Men also like to be wanted, just like they are needed. They have feelings and sentiments too, and they also crave tenderness and care just like women do.
Running an online magazine about masculinity, I’ve come to observe a curious phenomenon. When we post about male rape victims or the enforcement of masculine gender roles, we get plenty of interesting comments.
But when we post about Nice Guy Syndrome and other issues around men who feel sexually unwanted, our comments blow up like they were directed by Michael Bay. This is an issue that touches men deeply and damagingly, and ties in with a lot of pain that, hegemonic masculinity being what it is, usually doesn’t get talked about.
Others, such as Hugo Schwyzer, have written about how straight men don’t feel sexually desired, but that’s the tip of the iceberg. It’s hard to overestimate just how deep this idea goes. It feeds into a phenomenon a lot of guys have experienced, a phenomenon based on weird broken ideas about gender roles, ideas so deeply rooted in the subconscious that most men aren’t even aware that they’ve got them.
The core issue is this: many, many men in our society feel they have to be needed, because they can’t imagine they could ever be wanted.
Being needed can take different forms, all of which resemble traditional male roles.
- Brave protector against danger.
- Bread-winning economic provider.
- Indispensable handyman.
- Problem-solving leader.
We get any more macho stereotypes in here, it’s gonna look like a Village People reunion. This is what being masculine means in our culture: to be necessary.
One of the most common complaints about feminism, all the way back to the First Wave, is that feminism seeks to make men obsolete or unnecessary. “If women can [fill in anything about female agency] what will they need men for?” runs the line, in every decade, in response to every advance. And while nobody is arguing that that’s a legitimate criticism, it’s important to understand that it arises out of real fear. Look at the keyword in that sentence, need. It’s always the same concept, however, that objection is phrased.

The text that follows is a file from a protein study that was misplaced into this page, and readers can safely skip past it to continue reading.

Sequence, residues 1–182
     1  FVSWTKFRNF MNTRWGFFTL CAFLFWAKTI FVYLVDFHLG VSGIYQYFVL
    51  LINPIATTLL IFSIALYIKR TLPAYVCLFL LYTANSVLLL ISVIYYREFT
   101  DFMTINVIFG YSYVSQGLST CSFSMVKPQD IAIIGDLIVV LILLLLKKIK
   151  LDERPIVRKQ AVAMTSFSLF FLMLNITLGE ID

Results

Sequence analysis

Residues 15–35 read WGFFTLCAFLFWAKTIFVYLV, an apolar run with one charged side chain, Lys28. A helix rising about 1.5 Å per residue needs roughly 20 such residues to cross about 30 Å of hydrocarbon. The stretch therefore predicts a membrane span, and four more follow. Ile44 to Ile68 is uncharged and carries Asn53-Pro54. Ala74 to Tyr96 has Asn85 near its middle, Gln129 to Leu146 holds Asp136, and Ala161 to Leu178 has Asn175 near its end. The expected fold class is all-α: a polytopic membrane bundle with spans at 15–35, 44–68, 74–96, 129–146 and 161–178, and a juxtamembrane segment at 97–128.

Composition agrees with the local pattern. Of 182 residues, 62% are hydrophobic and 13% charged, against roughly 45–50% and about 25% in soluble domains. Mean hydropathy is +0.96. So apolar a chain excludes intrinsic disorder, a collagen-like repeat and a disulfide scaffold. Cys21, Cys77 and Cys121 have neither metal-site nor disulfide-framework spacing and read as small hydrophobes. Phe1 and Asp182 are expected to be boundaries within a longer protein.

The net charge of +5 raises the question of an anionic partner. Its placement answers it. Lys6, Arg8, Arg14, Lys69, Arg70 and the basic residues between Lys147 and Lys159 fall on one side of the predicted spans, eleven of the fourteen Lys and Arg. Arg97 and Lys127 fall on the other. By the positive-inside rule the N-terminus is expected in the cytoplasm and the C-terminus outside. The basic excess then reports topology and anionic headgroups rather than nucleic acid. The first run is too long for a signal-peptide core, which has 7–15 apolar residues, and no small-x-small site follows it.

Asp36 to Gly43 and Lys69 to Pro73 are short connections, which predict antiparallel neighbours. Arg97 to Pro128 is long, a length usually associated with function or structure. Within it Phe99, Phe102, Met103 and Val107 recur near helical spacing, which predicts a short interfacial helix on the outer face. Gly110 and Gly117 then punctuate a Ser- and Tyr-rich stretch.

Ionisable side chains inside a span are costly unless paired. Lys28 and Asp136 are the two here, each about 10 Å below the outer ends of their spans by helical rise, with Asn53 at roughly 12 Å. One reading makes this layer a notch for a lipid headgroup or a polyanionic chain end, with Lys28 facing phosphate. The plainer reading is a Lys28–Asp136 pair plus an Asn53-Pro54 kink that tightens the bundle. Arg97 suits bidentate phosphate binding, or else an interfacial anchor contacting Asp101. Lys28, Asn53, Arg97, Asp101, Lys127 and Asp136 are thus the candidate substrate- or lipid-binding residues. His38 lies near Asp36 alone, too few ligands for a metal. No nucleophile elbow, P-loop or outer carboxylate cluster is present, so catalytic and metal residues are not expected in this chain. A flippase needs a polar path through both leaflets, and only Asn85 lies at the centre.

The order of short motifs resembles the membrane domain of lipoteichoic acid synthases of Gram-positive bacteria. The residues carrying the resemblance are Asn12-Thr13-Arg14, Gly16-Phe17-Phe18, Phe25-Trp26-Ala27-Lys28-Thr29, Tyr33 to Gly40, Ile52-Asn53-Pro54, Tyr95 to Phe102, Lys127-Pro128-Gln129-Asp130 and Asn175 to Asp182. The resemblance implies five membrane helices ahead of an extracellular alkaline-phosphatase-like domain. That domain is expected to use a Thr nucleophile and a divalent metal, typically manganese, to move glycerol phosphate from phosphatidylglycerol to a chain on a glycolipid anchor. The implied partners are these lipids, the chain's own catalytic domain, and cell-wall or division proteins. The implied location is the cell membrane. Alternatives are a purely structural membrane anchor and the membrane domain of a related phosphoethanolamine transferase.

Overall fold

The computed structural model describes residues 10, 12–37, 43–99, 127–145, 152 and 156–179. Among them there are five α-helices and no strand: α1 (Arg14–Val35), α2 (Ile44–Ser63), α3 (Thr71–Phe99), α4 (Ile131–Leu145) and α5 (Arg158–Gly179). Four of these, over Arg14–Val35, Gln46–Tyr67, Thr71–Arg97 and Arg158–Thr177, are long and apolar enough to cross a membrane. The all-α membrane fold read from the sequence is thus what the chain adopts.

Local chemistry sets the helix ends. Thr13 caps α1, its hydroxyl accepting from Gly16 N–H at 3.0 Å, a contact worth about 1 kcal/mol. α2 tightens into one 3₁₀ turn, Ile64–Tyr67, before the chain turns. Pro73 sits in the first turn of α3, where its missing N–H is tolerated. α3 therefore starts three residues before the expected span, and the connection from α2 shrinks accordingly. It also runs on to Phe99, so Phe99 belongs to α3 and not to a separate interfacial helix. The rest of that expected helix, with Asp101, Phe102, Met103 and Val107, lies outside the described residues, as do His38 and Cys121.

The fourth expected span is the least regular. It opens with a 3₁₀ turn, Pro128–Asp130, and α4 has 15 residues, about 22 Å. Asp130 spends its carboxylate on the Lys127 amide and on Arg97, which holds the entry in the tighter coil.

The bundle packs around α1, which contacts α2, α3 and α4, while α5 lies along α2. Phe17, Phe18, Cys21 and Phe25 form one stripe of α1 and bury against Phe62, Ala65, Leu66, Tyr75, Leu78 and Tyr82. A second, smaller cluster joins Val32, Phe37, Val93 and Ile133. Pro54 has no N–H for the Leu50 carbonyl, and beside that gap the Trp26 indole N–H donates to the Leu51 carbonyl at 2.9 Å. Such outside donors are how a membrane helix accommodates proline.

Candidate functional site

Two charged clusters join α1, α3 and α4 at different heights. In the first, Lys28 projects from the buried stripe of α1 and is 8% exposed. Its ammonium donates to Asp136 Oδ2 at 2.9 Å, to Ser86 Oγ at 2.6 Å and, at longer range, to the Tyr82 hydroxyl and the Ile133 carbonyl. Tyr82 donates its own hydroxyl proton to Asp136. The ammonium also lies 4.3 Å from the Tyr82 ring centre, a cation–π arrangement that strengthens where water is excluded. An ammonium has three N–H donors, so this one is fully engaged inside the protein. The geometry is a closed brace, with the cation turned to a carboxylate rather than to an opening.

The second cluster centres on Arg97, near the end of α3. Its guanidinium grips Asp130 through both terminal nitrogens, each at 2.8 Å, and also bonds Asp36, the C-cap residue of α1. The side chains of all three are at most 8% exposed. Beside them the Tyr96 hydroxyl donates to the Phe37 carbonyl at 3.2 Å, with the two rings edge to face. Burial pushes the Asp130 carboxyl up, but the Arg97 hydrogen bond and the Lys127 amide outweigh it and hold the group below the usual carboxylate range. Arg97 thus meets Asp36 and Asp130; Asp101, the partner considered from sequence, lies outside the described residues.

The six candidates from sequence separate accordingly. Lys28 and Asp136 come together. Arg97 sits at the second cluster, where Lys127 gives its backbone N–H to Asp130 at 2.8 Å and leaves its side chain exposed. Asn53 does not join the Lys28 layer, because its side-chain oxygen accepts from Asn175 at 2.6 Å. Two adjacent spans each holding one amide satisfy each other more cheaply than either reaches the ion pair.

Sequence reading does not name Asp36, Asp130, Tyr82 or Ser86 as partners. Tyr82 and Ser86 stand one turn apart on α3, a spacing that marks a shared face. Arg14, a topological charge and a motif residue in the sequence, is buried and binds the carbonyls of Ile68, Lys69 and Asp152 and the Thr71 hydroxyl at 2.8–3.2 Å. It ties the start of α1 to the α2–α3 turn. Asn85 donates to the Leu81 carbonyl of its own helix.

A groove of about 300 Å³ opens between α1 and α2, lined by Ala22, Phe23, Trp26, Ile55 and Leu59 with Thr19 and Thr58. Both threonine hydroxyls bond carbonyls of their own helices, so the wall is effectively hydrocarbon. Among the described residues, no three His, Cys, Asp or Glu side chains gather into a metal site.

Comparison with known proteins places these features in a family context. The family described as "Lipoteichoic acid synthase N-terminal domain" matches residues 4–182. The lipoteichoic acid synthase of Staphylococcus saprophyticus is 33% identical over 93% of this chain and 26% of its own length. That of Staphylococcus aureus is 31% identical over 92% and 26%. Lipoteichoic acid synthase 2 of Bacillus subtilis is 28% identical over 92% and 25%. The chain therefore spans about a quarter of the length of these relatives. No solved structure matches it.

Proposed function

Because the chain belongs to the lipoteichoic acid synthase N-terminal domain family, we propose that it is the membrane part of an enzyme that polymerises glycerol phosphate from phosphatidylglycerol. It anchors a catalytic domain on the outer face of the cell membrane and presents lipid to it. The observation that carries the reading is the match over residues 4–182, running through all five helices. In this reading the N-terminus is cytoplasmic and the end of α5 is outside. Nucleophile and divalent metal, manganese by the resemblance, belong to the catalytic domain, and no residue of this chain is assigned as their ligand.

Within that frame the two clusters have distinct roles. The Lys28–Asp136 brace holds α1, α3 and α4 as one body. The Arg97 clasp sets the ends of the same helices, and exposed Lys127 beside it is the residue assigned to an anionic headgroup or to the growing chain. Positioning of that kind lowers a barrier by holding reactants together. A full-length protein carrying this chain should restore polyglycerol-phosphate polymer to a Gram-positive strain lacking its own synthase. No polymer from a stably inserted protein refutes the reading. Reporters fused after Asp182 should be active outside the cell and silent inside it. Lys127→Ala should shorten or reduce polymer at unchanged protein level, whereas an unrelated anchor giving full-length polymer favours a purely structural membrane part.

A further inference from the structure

Plan A, for men in our society, is to be necessary, to be needed, to be indispensable. There is no plan B.
If plan A doesn’t come off, we are lost, we’re adrift, we have nothing. This is an existential fear, on a very deep level.
There’s a common observation among those who, like myself, have worked in senior citizen care homes. It’s related to why the population of those homes skews heavily female, to why men die younger than women. Over and over, again and again, those who are around senior citizens have to deal with retired men who, no longer working and no longer earning money, don’t know why they’re still alive.
They don’t know who they are or why they bother to continue drawing breath if they’re no longer needed for something important. Some of them find something else to define themselves, some new project or internal source of worth. Others just give up and let the next swell of ill health carry them overboard.
The “crisis of masculinity” that many people are currently wringing their hands over, the “mancession” involving men’s employment dropping slightly faster than women’s, the cultural yearning for an imagined past when men bestrode the world like gray-suited colossi, building and making and innovating important things, the same problem.
We’re at a place, culturally and economically, where many of the traditional sources of necessity for men have evaporated, or at least been drastically downsized.
We don’t need to have 25% of the population growing food any more; we can do it with 2%.
Women don’t need men to provide for them any more, education and career opportunities have opened up. All this would be fine, if there were any plan B.
It’s a well-worn observation that media is the first place to look for enforcement of societal norms. A quick glance at our culture’s media demonstrates that it endlessly reinforces the notion of male necessity. On a surface level, there’s the fact that with fictional heroes remaining overwhelmingly white males, if a guy doesn’t show up, there’s no story at all. That’s a nice form of necessity. Deeper than that, though, there’s the structure of every “romantic” subplot in every movie that has a character who can be accurately described as The Girl.